Tigers: Threatened, but not lost

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By K Ullas Karanth

Tigers are a typical “umbrella species”. Every week, each cat must kill one large prey animal — deer, wild pig, wild cattle or antelopes. Sustaining a viable population of 100 wild tigers (of which 25 will be territory-holding females that produce cubs), will require 50,000 prey animals. Such prey, even when packed at a high density of 25 animals into each square kilometer — a density typical for deciduous forests under strict protection — would need a 2,000 square kilometer area. Tigers need even more habitat in rainforests and mangroves that support lower prey densities. This essential ratio of 500 preys for each living tiger ensures that a viable population of tigers automatically ensures protection of large landscapes sheltering many other life forms – ranging from rare frogs to giant trees. This cultural appeal of the tiger, which is not transferable, is what generates the social support necessary for conservation of large landscapes: a rare snail or frog, however much endangered, simply cannot be a similar umbrella. This is the significance of the tiger: each living tiger embodies automatic protection of millions of other creatures as well as forests vital to human survival.

In spite of its iconic value, the tiger’s global range, however, has shrunk by 93 percent in the past 150 years. Today tiger ‘source populations’, which breed and produce surpluses, occupy less than six percent of former range. India now holds half the world’s tigers. Although the forest cover suitable for tigers occurs over 3,00,000 square kilometers in India, surviving source populations occur in less than 25,000 square kilometers. Although now there are 40 or so “tiger reserves” covering 40,000 square kilometers, several of these simply cannot support viable source populations on their own, and, some are even virtually devoid of tigers.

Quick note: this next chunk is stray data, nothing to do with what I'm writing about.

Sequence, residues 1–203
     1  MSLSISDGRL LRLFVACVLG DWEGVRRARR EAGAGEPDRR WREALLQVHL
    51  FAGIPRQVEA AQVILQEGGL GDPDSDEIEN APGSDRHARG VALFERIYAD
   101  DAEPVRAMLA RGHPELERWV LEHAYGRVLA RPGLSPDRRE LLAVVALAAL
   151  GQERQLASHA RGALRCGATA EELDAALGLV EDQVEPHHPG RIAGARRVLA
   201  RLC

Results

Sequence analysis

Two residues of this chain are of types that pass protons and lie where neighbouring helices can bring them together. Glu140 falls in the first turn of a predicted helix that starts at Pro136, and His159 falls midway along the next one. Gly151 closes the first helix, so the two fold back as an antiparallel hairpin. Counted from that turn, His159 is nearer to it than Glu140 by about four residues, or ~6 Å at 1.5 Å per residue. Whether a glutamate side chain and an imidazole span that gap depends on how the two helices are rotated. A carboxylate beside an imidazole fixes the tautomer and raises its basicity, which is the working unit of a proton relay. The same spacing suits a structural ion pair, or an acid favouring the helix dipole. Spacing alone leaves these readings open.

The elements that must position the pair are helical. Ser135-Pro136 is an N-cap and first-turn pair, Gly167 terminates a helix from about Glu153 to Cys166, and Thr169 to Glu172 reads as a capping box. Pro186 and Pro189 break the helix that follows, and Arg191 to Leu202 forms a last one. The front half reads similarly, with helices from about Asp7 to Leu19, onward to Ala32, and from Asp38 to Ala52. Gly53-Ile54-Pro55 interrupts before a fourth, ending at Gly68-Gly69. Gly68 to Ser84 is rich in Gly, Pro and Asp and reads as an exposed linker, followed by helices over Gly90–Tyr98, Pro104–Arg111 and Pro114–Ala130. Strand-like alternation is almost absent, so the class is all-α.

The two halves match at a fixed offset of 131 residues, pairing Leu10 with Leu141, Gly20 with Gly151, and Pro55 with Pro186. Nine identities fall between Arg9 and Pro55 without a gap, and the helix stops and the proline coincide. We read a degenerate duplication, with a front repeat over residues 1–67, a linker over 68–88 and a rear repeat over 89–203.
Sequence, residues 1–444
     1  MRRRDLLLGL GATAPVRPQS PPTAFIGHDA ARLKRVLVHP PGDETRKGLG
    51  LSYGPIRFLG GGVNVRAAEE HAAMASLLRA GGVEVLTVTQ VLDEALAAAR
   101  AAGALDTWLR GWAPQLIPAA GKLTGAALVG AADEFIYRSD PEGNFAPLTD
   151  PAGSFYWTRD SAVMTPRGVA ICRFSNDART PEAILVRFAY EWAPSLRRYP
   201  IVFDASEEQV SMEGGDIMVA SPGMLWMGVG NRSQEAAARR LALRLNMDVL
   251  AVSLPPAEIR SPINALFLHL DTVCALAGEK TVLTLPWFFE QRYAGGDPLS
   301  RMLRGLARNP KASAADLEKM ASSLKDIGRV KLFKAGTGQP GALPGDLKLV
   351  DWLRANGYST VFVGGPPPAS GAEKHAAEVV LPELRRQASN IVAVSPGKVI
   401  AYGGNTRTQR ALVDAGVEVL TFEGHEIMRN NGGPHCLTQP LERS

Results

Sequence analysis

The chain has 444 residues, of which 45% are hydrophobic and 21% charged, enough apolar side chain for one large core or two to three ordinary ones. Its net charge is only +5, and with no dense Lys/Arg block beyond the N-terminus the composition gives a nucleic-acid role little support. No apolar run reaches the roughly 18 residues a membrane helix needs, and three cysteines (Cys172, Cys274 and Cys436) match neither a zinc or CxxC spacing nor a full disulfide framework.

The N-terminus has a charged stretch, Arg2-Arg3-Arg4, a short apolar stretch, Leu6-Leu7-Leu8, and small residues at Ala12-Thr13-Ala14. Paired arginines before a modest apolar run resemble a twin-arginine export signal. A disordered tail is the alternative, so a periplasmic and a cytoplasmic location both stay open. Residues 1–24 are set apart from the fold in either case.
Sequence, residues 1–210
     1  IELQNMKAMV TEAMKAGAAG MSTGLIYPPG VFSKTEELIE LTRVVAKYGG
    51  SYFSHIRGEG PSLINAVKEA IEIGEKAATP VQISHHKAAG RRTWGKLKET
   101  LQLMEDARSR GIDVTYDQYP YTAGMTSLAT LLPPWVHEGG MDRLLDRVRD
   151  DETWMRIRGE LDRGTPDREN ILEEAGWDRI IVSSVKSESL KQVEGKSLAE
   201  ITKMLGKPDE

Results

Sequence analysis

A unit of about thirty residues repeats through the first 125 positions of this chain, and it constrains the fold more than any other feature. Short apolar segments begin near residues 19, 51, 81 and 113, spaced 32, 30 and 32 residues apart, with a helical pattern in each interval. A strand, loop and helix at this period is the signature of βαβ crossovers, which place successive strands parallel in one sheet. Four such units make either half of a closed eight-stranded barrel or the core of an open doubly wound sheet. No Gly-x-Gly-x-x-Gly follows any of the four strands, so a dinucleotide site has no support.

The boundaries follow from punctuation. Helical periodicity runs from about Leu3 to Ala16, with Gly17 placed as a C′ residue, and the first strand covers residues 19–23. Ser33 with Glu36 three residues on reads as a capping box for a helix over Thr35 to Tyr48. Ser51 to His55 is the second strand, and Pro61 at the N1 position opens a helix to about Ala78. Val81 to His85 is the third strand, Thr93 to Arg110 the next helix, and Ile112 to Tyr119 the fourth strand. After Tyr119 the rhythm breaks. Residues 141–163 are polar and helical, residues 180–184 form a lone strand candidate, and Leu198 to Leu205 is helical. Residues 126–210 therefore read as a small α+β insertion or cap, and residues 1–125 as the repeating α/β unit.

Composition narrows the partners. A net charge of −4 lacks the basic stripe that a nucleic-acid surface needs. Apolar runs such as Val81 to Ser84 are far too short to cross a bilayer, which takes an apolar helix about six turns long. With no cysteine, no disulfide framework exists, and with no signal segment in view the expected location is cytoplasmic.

The key threats to our surviving tigers include over-hunting of prey animals by local people (this is the most important reason why tigers have lost 90 percent of their range); tiger poaching for commerce or in conflicts with humans (mostly in and around remaining source populations); and the steady degradation and fragmentation of larger forest landscapes under a variety of rural and industrial pressures. To address these threats squarely, strict anti-poaching protection and major investments in involuntary relocation of human settlements have become the most urgent conservation needs. Increasingly, however, massive “conservation investments” targeted at tiger reserves, appear to be taking the form of misguided and destructive “habitat management” practices on one hand, and rural development activities under the label of “eco-development” on the other. Both these interventions suck funds and attention away from more critical tasks. Management practices of tiger reserves now clearly need closer scrutiny and radical reorientation.

While the current practice of monitoring of tigers once in four years —using an unwieldy and statistically outdated methodology — is indeed an improvement over the earlier “pugmark census” fiasco. However, it does not meet real needs of intensive monitoring of remaining source populations (the last estimate from the exercise was about 2,000 animals including cubs). A shift towards intensive monitoring of each source population, year after year, using the best possible methods (such as camera trap or DNA capture-recapture sampling) has become essential. A recent amendment to the tiger monitoring protocols by the National Tiger Conservation Authority holds out the hope that, at least in future, we will know for sure how 90 percent of our wild tigers are really faring.

Without objective metrics, tiger conservation can, and often does, rest merely on fanciful anecdotes and tiger tales. Conservation action must be rooted in sound science, although conservation actors may necessarily be inspired by the sheer emotional appeal of the big cat. Given protection and reasonable management, India can hold at least five times more tigers than it does now.

K Ullas Karanth is a conservation scientist with Wildlife Conservation Society

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